This proposal responds to the NIDCR Behavioral and Social Intervention Clinical Trial Planning & Implementation Cooperative Agreement (UG3/UH3). Our goal is to clinically evaluate the effects of a school-based behavioral intervention to reduce the risk of dental caries in a cohort of kindergarten through 2nd grade (K-2) children. Coordinated Approach to Child Health (CATCH) is an evidence-based coordinated school health program, and has undergone several cluster-randomized controlled trials (CRCT) demonstrating sustainable long-term effectiveness in improving eating and physical activity behaviors, and reductions in obesity prevalence among low-income, diverse children. As part of our recent 12-month R34 grant (R34DE026245), we integrated oral health lessons and activities into the existing K-2 CATCH program. The new program, called CATCH Healthy Smiles, was successfully tested for feasibility with K, 1st and 2nd grade children in two low income Houston elementary schools. Of the 113 children with dental assessments, 54% of children in Kindergarten, 62% in grade 1 and 73% in grade 2 had caries experience defined by any untreated caries or at least one filled deciduous or permanent teeth. These results, and those of prior studies, warrant the need for evidence-based school health curricula for oral health promotion. Our primary aims are: 1) In the UG3 one-year planning period (2019-2020), our primary aim is to finalize measurement protocols, study databases, CATCH Healthy Smiles intervention content and delivery framework, school and staff training, and recruit schools for a 26 school cluster-RCT (CRCT). 2) In Years 2-6 (UH3, 2020-2025), our primary aim is to conduct a school-based CRCT to determine the efficacy of CATCH Healthy Smiles in reducing the incidence and progression of dental caries as measured at the tooth (d2,3mft/D2,3MFT) and tooth surface level (d2,3mfs/D2,3MFS) among children starting in kindergarten and following through 2nd grade enrolled across 26 schools serving low-income, ethnically-diverse children. We hypothesize that, at 3-year follow up (end of 2nd grade), as compared to children in the control schools (n=13 schools; 533 children), those in the intervention schools receiving CATCH Health Smiles (n=13 schools; 533 children) will demonstrate significantly reduced incidence and progression of dental caries. Process evaluation data will be collected throughout to monitor intervention dosage, reach and fidelity. Our secondary aims are, 1) to quantify the impact of CATCH Healthy Smiles on child behavioral, psychosocial and environmental outcomes, including child oral health behaviors, diet, and school nutrition environment, and 2) to examine the extent to which these child behavioral, psychosocial and environmental factors (tooth brushing, diet, oral health related quality of life) mediate the intervention effects on child caries risk. The suite of CATCH pre-K to high school programs are licensed by UTHealth to a public charity, the CATCH Global Foundation. This project is significant because if found to be effective, a platform for scalability, sustainability and dissemination of CATCH already exists, and opens a new line of research in school oral health.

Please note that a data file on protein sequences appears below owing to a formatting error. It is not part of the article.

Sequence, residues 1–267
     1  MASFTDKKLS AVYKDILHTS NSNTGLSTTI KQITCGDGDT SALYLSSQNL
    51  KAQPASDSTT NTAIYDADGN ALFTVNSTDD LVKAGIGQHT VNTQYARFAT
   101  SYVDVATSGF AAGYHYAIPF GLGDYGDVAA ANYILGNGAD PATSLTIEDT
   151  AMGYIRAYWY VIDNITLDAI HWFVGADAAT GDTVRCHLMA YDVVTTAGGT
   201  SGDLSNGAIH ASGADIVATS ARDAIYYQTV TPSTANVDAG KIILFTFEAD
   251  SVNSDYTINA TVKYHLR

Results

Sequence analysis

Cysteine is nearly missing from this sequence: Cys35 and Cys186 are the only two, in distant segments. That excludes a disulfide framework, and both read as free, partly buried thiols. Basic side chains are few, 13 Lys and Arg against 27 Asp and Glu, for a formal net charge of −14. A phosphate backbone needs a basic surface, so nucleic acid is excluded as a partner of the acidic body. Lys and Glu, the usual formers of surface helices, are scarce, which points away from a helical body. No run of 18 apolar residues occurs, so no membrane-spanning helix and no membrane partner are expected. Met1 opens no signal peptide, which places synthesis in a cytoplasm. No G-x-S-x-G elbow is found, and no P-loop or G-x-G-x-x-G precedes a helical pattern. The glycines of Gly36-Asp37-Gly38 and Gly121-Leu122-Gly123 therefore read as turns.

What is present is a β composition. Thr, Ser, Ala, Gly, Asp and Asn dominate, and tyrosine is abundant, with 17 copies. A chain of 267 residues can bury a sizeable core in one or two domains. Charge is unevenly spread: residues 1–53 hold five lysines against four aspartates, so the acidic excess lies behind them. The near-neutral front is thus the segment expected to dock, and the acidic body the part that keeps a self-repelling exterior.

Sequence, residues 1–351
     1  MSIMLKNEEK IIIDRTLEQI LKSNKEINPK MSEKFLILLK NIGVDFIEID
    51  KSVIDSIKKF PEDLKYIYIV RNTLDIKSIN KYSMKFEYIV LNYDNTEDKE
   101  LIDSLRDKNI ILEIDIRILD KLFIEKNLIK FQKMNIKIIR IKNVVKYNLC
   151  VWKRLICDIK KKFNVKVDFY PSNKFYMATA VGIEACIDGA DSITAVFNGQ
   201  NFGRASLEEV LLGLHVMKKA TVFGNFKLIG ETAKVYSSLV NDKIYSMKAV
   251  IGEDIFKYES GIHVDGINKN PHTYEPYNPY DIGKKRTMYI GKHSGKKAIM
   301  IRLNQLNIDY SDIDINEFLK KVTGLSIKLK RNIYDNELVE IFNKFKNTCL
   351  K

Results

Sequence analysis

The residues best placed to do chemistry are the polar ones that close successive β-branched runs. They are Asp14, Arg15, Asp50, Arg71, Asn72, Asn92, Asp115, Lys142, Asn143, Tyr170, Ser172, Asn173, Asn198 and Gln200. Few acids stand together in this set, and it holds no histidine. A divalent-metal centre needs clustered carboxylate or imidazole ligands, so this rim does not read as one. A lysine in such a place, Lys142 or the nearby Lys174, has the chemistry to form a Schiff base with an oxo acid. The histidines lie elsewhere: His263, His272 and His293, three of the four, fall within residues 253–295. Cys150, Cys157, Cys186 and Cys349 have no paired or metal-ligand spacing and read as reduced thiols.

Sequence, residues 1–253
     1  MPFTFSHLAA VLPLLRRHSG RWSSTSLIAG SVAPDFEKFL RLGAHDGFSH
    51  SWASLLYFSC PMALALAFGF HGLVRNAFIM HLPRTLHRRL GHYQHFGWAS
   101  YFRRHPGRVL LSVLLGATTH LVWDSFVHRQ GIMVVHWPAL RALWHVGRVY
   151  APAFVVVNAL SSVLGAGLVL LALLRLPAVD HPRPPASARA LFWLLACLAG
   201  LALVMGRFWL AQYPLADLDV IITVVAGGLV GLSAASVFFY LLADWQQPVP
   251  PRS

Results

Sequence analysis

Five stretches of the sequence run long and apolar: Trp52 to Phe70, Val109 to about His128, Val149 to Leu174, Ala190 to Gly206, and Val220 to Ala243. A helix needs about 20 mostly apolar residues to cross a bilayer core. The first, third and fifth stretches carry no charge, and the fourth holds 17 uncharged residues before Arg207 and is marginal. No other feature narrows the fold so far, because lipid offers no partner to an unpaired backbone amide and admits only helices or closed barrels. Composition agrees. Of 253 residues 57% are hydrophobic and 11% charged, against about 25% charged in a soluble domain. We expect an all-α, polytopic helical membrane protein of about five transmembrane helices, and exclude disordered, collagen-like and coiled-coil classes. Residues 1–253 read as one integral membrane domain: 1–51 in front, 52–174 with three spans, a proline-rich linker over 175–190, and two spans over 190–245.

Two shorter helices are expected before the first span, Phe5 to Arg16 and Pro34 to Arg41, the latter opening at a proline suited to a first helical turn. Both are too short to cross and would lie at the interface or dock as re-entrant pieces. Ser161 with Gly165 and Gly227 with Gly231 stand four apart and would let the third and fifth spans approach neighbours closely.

Poor oral health is epidemic among American youth from low income families. School-based educational programs can be a venue for addressing this problem, however they have not been rigorously evaluated and documented as effective. This grant will allow us to plan for, and test the efficacy of an elementary school-based oral health intervention using a cluster-randomized controlled trial design across children from ethnically-diverse, low-income families in Houston, Texas.